In New York, where the medical marijuana program is smaller and more restrictive than New Jersey’s, the menu of products includes oils, tinctures and finely ground flower suitable for vaping. But the sale of loose marijuana buds for smoking is prohibited, and only 150,000 of the state’s 13.5 million adults who are 21 or older are registered as patients.

With modest demand, there has been little incentive to boost supply. Until now.

Adult-use marijuana sales could begin within a year in New Jersey and in early 2023 in New York, industry experts predict.

“I would be a fool not to be making the product,” said Ben Kovler, the founder and chief executive of Green Thumb Industries, a cannabis company with operations in both states.

“There’s not a lot of inventory sitting around,” he said, at a moment when there’s a “tidal wave’’ of demand on the horizon. “It’s not likely there’s going to be enough supply,” Mr. Kovler said.

His company, he said, was awaiting final approval from New York State to begin construction on the grounds of the former men’s prison in Warwick, N.Y., Mid-Orange Correctional Facility, which was closed in 2011.

Citiva, a competitor, is also building a new production hub there. A cannabis testing lab and a CBD extract facility, urbanXtracts, are already there.

“We’re calling it a cannabis cluster,” said Michael Sweeton, Warwick’s town supervisor.

“It is the definition of irony,” he added about the reinvented role for a correctional facility that boomed during the war on drugs, imprisoning 750 men at a time and providing 450 jobs.

New York officials said that the state’s hemp farmers will play an important role in the effort to generate enough cannabis to satisfy what is quickly expected to become one of the country’s largest marijuana markets.

With fewer overhead costs, and a smaller carbon footprint, hemp farmers who expand to grow cannabis for certain uses may even be able to undercut indoor-facility prices for at least part of the year, officials said. Hemp, which has much less of the intoxicating chemical found in cannabis, THC, is used to make CBD oil.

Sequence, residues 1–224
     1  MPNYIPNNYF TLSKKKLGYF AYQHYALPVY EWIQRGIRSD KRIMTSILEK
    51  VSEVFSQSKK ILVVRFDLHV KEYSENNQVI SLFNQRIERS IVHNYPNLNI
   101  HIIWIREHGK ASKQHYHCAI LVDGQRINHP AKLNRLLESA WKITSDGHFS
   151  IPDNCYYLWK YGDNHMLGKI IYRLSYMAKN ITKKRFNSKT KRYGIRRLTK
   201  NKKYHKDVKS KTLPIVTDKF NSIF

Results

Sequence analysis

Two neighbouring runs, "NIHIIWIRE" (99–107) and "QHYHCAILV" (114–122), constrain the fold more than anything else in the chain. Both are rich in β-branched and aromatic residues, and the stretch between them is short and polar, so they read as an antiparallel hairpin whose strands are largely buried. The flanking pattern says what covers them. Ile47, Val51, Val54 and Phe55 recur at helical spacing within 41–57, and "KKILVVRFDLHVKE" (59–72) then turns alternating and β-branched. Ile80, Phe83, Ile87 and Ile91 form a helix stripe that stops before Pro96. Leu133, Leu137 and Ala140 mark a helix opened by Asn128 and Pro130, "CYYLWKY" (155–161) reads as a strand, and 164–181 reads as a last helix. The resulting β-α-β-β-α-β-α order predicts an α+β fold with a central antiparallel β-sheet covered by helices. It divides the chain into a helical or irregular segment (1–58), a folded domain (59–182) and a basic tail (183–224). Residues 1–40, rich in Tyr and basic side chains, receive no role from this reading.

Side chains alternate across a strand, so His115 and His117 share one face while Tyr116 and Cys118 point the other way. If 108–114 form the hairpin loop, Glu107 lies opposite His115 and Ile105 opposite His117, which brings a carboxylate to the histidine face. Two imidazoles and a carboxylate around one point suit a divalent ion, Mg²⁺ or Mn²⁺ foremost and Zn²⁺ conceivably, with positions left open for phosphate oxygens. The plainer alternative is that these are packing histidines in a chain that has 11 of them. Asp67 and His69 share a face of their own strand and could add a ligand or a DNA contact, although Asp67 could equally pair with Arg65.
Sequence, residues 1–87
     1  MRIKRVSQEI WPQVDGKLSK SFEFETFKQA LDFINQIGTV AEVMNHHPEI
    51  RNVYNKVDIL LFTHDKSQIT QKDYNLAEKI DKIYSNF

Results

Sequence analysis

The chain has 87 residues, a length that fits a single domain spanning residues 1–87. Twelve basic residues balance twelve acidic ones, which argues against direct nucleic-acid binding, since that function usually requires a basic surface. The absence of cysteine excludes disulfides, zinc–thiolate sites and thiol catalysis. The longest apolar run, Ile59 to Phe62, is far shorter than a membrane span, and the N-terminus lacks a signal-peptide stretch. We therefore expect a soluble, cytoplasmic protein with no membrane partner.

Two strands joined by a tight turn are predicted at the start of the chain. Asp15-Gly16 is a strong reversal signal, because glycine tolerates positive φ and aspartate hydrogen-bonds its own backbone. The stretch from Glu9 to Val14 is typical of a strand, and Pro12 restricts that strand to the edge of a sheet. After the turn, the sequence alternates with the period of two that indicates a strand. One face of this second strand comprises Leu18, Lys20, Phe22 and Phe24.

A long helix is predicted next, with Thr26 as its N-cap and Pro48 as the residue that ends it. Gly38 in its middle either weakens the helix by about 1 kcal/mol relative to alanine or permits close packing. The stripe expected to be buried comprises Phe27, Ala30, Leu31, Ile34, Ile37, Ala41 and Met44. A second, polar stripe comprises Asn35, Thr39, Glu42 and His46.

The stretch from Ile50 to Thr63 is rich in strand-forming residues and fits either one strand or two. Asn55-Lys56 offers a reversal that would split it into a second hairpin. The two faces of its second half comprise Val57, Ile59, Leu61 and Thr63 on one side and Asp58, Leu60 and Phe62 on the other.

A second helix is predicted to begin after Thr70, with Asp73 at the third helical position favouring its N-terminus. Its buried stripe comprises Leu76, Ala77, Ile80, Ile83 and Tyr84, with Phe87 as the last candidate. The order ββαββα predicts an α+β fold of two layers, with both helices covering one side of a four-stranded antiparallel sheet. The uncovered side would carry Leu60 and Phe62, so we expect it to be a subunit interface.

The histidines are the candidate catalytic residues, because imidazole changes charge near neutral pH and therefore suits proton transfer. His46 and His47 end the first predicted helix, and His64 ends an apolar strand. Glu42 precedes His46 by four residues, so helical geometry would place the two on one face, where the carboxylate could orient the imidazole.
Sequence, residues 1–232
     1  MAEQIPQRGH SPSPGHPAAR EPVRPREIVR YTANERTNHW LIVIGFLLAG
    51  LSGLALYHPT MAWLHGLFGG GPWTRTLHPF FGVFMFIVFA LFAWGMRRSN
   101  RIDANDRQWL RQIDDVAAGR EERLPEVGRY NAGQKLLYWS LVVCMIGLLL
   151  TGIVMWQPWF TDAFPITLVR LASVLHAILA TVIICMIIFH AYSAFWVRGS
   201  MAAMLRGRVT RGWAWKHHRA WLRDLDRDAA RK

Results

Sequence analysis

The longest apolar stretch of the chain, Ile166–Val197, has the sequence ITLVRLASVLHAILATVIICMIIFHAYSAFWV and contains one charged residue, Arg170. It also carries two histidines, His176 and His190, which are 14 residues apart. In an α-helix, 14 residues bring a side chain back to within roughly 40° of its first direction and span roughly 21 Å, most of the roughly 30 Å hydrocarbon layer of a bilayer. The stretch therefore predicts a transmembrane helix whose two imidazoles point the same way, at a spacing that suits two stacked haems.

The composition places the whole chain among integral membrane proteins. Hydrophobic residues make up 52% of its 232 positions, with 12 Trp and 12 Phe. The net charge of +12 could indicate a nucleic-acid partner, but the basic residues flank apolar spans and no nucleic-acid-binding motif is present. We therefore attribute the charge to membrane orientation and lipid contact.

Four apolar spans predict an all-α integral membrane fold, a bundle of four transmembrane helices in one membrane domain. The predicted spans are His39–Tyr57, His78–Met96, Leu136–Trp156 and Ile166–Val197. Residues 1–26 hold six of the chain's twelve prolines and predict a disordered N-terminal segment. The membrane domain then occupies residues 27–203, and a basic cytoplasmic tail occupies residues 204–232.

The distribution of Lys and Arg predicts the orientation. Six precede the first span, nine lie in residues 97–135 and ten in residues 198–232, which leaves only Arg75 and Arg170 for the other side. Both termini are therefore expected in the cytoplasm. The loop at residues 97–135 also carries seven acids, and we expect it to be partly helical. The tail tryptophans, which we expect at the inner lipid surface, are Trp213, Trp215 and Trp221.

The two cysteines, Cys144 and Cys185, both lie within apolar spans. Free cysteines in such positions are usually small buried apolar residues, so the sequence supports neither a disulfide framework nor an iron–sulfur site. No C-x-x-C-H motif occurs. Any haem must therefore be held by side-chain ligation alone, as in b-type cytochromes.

New York’s law also permits individuals to grow as many as six marijuana plants for personal use; New Jersey’s legislation does not allow so-called home grow.

In the coming months, both states are expected to issue regulations to govern the new industry. Each has framed legalization as a social justice imperative and has dedicated a large share of the anticipated tax revenue to communities of color disproportionately harmed by inequities in the criminal justice system.

Trying to balance the goal of building markets focused on social and racial equity against the inherent dominance of multistate corporations with early toeholds in the region will be crucial, officials in New York and New Jersey said.

“They should have that ability to help jump start the market,” Norman Birenbaum, New York’s director of cannabis programs, said about the 10 medical marijuana companies already licensed to operate in the state. But it should not come “at the expense of new entrants,” he said.